In fact, I wouldn’t even want to work with a small shop that didn’t use some kind of framework, even if it was just homebrew, because that would not only demonstrate a lack of professionalism in their craft, but also a sense that they’re not learning from their experience to build future projects more efficiently.

    2. “Overflowing complexity”
    I think it’s a common mistake for people to confuse verbosity with complexity. MVC is actually a lot simpler than most of the homegrown complexity management systems I’ve seen used with HTML/JS code.

    From a bug report, I can usually tell whether or not the issue lies in the model, view, or controller, and I structure my filesystem in such a way to make it easy to find these files. And everyone else who comes along after me, once they understand the framework, knows where things are supposed to be. (In RoR, it’s called “convention over configuration”)

    In my experience with the “direct hacker approach”, I find myself and others constantly searching through a flat file system, grepping through folders full of .js files looking for the function name or variable that is supposed to be used in some context. And once a bug is found, everyone has their own special way of fixing it, which may solve the immediate bug, but may also have some unwanted side effects which are hard to track down because the relationship between different .js files isn’t explicit, either by naming convention, folder structure, or any of the other things a framework provides.

    But, I’ll admit, there is something annoying about the verbosity of frameworks. You do end up with a lot of template code that doesn’t do much, bloats your code base, and may make your site slower. But I find template code to be more manageable. It’s like carving little expansion slots into your code for that next big feature request. Everyone can agree on where to start, instead of everyone carving out their own slots wherever they like after the feature request is made. Seeing empty slots also makes it easier to see where code may be lacking in things like validation, security, or visual design. Finally, it makes it easy to scope tasks knowing that I don’t have to reinvent any constructs to deal with a feature request. I can just say “I can do that, and I know exactly where to start, and it will take me 1 hour to complete”. That’s valuable if you’re working with an agile team.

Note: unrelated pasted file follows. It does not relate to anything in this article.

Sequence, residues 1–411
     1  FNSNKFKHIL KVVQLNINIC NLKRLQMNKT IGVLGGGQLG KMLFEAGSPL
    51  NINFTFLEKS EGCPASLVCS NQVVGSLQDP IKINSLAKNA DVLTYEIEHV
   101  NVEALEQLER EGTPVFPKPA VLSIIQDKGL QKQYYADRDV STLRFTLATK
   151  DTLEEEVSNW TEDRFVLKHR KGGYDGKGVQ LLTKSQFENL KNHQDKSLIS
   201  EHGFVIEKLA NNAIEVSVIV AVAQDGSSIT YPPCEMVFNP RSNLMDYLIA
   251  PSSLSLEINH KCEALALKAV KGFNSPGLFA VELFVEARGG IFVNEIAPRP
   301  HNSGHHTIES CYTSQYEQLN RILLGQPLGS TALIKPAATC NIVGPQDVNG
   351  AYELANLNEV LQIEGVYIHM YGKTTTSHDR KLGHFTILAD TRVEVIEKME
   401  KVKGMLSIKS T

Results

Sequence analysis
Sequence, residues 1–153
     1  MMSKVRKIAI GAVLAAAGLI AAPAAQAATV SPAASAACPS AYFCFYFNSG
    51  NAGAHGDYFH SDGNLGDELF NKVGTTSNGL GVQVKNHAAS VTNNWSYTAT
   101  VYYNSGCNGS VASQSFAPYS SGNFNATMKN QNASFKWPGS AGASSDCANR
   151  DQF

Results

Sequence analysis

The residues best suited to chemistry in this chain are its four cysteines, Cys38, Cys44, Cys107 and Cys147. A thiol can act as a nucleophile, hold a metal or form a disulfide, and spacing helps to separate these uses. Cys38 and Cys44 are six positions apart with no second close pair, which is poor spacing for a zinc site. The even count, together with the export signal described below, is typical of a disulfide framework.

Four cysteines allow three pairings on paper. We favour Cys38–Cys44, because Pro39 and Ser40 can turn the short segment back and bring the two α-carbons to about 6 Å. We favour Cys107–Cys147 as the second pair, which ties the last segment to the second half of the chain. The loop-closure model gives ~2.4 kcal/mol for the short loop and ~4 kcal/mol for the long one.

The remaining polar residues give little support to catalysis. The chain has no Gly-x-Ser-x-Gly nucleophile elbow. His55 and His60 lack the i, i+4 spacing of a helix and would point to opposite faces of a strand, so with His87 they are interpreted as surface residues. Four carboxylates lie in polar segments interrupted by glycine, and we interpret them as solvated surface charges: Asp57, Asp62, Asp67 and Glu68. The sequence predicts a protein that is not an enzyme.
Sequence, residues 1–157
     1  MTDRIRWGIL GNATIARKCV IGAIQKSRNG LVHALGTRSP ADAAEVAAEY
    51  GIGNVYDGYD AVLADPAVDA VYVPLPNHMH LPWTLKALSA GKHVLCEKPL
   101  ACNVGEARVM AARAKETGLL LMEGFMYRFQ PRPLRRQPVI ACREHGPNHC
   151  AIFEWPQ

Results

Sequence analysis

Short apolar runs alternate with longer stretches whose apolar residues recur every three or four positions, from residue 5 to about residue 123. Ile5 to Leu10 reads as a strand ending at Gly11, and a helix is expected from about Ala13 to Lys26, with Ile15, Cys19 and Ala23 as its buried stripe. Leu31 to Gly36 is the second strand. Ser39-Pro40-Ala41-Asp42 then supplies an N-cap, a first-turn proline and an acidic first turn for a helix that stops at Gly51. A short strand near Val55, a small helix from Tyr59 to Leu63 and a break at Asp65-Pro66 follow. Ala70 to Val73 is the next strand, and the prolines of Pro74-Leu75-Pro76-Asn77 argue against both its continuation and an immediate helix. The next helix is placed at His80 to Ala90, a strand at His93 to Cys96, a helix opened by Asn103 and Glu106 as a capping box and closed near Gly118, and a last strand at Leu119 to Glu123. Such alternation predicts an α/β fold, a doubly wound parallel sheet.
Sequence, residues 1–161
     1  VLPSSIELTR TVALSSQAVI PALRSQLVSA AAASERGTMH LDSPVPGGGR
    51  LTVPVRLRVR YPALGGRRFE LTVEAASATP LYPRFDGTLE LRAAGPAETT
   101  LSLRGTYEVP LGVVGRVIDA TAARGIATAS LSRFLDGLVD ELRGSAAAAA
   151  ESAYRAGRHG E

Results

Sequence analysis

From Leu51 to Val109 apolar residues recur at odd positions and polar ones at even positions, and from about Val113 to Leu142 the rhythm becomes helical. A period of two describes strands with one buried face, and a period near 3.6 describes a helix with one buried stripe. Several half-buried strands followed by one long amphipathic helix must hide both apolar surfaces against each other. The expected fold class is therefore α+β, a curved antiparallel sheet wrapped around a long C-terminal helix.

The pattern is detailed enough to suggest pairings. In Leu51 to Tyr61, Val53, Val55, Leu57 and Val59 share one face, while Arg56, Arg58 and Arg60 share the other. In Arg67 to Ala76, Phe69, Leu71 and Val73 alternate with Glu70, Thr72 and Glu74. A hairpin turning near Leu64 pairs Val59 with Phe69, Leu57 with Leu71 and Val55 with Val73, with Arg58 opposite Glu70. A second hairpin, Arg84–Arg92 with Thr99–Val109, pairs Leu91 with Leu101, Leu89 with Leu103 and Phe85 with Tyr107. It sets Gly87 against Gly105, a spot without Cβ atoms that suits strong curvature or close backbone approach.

Once you’ve decided that you’ve made the correct architecture decision, verbosity is just something you manage. Most people use code generation to create templates so the only thing they have to write is the customization. But the best approach is abstraction. Assembly was powerful, but it was verbose, so we built languages on top of it to abstract away the verbosity and complexity and just deal with the stuff that matters. Ruby is a excellent case study in this overall. jQuery and prototype do this well for JS. But RJS in Rails, Google Web Toolkit, and Objective-J are the places I’ve been looking to for abstractions that will make MVC design patterns in JS less onerous.

  14. I have to say that I totally agree with eddroid on this one. Following a pattern will lead to more maintainable code in most cases, and the MVC pattern is a well known pattern that many developers know how to use already. You don’t even need a framework for this, as long as you are following the pattern it will help you out a lot.

    We are used to patterns on the server side, and with todays javascript heavy pages, why should we not use one on the client side as well? We all know how easily javascript can get out of hand and become a mess.

    Thanks for a great article.

  15. Jonathan, your article was spot on about having an MVC framework in JavaScript. However, I have to disagree with your decision to put your validation code inside of the Model class instead of the Controller. In your example, the data validation is very simple and only deals with the format of the data, but in many cases data validation includes much more than just format checking, and can include specific business logic and view settings which all belong in the Controller not the Model.

    For example, in your calendar scenario if you accepted date inputs, the validate code would be much more complex. What if you wanted to define business logic that said they could not enter dates on a Sunday? Or what if the View had a checkbox that said “Exclude Holidays”? Or what if you had to make an AJAX call to verify that you didn’t have a meeting on that date? As you can see, validation code is much more than just “format checking” and can get quite complex and may require business rules. Thus instead of putting some validation in the Model and some in the Controller, make it consistent and maintainable and put it all in the Controller.